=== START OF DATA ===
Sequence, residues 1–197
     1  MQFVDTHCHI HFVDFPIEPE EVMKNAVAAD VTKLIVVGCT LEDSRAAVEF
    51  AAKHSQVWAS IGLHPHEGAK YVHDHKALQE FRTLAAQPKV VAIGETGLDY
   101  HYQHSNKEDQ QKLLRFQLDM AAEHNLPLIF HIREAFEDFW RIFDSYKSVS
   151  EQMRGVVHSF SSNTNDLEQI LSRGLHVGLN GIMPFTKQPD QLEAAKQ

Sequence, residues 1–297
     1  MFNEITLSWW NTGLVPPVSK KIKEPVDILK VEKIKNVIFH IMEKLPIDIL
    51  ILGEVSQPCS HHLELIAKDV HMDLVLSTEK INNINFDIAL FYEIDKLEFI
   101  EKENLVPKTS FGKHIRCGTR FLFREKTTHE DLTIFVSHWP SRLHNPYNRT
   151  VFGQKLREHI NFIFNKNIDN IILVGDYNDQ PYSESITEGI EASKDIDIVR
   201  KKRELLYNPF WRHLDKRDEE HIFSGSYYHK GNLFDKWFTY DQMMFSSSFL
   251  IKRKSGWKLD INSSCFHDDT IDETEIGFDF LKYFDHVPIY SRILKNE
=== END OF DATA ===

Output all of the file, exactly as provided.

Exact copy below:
Sequence, residues 1–197
     1  MQFVDTHCHI HFVDFPIEPE EVMKNAVAAD VTKLIVVGCT LEDSRAAVEF
    51  AAKHSQVWAS IGLHPHEGAK YVHDHKALQE FRTLAAQPKV VAIGETGLDY
   101  HYQHSNKEDQ QKLLRFQLDM AAEHNLPLIF HIREAFEDFW RIFDSYKSVS
   151  EQMRGVVHSF SSNTNDLEQI LSRGLHVGLN GIMPFTKQPD QLEAAKQ

Sequence, residues 1–297
     1  MFNEITLSWW NTGLVPPVSK KIKEPVDILK VEKIKNVIFH IMEKLPIDIL
    51  ILGEVSQPCS HHLELIAKDV HMDLVLSTEK INNINFDIAL FYEIDKLEFI
   101  EKENLVPKTS FGKHIRCGTR FLFREKTTHE DLTIFVSHWP SRLHNPYNRT
   151  VFGQKLREHI NFIFNKNIDN IILVGDYNDQ PYSESITEGI EASKDIDIVR
   201  KKRELLYNPF WRHLDKRDEE HIFSGSYYHK GNLFDKWFTY DQMMFSSSFL
   251  IKRKSGWKLD INSSCFHDDT IDETEIGFDF LKYFDHVPIY SRILKNE